MSU Gran Fondo Funds Promising Skin Cancer Studies
Michigan State University College of Human Medicine researchers are conducting three promising studies that could lead to new treatments for skin cancer, including melanoma, the deadliest form
But without money raised by MSU’s annual Gran Fondo cycling event, none of the three studies would be going forward.
“To make a long story short, I wouldn’t be working on this if it wasn’t for the MSU Gran Fondo,” said researcher Fredric Manfredsson, an assistant professor in the Department of Translational Science & Molecular Medicine.
In its first four years, the MSU Gran Fondo raised more than $640,000 for skin cancer awareness, prevention and research. The fifth annual ride will be held June 24 in downtown Grand Rapids.
Manfredsson recently received a $30,000 grant from the MSU Gran Fondo skin cancer research fund to continue his study using a virus to carry a protein into melanoma cells, causing them to die and preventing the cancer from spreading. While current chemotherapy treatments can slow the spread – or metastasis – of melanoma, in its advanced stages the cancer usually becomes resistant to treatment.
Working with a colleague at Wayne State University, Manfredsson developed a method to insert a protein into the cancer cells.
“Essentially, we have a protein that goes to the nucleus and chews up the DNA,” killing the cells and rendering them unable to resist treatment, Manfredsson said. “The data we have so far is very, very encouraging.”
In another study backed by a $15,000 MSU Gran Fondo grant, Jamie Bernard, an assistant professor of pharmacology and toxicology, is looking at the association between obesity and an increased risk of skin cancer. Exposure to the sun’s ultraviolet rays can damage skin cells, often leading to skin cancer, but in some cases, the damaged cells either die or repair themselves before the cancer develops.
Bernard suspects that in obese people, particularly those on a high-fat diet, the fat cells in the abdomen secrete a growth factor, causing the damaged skin cells to survive and increasing the risk of skin cancer.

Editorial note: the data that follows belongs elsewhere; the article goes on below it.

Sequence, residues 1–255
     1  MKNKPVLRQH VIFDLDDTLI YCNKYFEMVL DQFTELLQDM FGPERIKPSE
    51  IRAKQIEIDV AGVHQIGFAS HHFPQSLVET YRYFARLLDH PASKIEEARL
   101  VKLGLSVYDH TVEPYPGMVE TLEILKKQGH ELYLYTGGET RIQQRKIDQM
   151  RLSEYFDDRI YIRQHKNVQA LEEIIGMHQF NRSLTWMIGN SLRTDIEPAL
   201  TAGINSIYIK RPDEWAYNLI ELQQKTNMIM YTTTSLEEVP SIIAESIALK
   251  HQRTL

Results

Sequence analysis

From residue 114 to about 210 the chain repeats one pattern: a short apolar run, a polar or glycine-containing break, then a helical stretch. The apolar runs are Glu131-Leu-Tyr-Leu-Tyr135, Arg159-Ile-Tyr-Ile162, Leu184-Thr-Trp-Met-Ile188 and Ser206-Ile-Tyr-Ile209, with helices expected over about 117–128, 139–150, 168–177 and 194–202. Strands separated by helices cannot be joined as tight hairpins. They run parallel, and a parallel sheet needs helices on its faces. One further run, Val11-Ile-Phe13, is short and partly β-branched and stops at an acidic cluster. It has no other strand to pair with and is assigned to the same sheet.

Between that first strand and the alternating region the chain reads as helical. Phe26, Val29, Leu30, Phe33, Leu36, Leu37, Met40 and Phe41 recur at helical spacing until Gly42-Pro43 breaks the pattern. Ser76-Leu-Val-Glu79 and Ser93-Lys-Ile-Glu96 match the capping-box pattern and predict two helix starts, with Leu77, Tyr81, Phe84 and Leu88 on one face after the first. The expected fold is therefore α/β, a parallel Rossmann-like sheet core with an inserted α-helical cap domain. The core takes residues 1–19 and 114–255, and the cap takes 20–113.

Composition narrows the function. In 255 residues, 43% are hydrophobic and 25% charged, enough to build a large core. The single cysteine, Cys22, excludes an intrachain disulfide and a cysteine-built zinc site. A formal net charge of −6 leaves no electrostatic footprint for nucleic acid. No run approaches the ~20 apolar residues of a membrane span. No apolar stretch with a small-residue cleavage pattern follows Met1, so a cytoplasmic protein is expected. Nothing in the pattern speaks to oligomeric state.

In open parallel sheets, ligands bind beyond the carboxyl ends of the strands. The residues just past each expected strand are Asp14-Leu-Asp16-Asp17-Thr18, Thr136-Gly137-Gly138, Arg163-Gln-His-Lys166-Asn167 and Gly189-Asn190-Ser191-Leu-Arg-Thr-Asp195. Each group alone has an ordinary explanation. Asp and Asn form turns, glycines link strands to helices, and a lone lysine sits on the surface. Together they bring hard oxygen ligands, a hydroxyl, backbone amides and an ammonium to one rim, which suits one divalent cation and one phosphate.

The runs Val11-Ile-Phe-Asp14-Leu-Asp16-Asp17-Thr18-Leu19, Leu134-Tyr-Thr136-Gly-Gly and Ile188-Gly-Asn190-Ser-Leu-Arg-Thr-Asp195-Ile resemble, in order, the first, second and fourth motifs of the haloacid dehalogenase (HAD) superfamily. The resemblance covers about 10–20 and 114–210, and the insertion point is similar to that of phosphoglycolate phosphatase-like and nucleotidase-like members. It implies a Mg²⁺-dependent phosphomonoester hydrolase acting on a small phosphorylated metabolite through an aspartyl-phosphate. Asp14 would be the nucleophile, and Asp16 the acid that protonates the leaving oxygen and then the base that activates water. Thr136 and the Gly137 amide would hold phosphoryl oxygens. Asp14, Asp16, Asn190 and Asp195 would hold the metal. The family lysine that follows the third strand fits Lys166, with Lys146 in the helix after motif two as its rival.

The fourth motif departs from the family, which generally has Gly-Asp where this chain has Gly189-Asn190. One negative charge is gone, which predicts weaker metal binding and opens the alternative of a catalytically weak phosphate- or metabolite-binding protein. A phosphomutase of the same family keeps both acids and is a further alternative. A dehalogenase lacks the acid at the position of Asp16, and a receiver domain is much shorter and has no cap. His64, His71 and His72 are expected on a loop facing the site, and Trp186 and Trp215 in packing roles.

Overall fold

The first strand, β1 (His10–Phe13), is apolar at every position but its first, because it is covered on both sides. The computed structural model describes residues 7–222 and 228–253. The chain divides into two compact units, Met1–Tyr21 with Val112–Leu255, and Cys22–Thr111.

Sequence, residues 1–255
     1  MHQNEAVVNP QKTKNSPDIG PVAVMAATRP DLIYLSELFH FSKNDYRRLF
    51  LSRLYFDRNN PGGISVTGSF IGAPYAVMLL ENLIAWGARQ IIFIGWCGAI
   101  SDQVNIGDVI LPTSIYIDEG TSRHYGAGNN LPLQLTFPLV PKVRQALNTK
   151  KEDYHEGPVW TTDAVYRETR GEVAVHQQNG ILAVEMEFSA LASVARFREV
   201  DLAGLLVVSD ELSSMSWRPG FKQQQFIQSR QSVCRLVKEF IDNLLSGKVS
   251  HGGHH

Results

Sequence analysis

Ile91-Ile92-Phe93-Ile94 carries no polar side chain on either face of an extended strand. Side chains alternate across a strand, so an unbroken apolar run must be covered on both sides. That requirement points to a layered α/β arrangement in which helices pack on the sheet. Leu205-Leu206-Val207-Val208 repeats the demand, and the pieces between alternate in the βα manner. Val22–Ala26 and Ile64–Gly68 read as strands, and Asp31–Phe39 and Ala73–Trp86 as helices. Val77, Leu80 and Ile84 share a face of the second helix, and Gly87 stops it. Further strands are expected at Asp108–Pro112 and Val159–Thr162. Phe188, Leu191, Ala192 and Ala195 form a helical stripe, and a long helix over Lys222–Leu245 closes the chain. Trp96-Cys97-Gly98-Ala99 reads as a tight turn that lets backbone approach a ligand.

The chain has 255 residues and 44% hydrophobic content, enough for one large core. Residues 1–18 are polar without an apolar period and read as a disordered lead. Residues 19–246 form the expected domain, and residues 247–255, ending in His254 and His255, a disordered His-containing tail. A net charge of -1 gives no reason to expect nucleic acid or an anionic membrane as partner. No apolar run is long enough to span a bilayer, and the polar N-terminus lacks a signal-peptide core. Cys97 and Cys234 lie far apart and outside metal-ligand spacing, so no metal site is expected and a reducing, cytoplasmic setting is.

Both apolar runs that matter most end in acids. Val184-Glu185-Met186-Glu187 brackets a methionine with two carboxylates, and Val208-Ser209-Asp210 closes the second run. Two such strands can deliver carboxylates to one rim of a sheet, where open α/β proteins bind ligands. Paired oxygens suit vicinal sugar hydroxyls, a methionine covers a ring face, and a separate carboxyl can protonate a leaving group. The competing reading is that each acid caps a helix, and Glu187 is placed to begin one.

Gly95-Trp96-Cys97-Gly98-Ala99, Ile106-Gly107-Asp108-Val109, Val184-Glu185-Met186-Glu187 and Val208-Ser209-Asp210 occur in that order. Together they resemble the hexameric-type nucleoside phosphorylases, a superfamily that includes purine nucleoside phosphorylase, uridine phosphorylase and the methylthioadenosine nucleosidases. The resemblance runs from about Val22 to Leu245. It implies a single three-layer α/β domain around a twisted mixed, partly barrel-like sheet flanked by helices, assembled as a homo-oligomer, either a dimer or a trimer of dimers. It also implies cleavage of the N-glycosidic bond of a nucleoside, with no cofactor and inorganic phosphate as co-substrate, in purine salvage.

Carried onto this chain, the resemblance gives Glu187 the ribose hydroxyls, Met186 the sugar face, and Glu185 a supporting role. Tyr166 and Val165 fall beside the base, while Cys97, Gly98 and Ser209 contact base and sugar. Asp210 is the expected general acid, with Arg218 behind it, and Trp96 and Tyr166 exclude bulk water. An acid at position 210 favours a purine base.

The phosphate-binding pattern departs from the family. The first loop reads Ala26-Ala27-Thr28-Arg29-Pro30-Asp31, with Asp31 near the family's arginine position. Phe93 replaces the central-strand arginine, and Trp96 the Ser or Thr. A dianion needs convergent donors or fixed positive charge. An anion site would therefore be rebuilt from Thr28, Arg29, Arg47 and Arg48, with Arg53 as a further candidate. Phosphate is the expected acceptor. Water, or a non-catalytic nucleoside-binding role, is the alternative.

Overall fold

If borne out by research, the study could lead to a blood test to identify those people most at risk of developing skin cancer, she said.
“It would allow us to look at the initial stages of cancer development,” Bernard said, and take steps to prevent it or begin treatment in its early stages.
The MSU Gran Fondo grants are important, because they allow MSU researchers to gather enough preliminary data to qualify for larger awards, such as from the National Institutes of Health, said Richard Neubig, chair of the Department of Pharmacology & Toxicology. The NIH grants can support further research, possibly including clinical trials with human patients, which can take years and cost millions of dollars, he said.
Neubig recently received a $35,000 Gran Fondo grant to continue his study of a combination of drugs that could prevent melanoma from metastasizing. The anti-cancer drug Trametinib is given to treat a common form of melanoma, but the cancer typically becomes resistant to that treatment.
Neubig’s laboratory tests show that when given in combination with a new compound called CCG-222740, Trametinib becomes much more potent.
“We have some really exciting data,” he said. “We believe our compound will help restore sensitivity to the treatments that are already approved. We can go beyond blocking metastasis. We can kill the melanoma cells.”
As for the Gran Fondo grant, “It’s really critical,” Neubig said. “I think it will greatly improve our chances of moving forward.”
All funds raised through the MSU Gran Fondo support the College of Human Medicine’s skin cancer awareness, prevention and research efforts.
Join the ride on June 24 in Grand Rapids or donate at msugranfondo.com.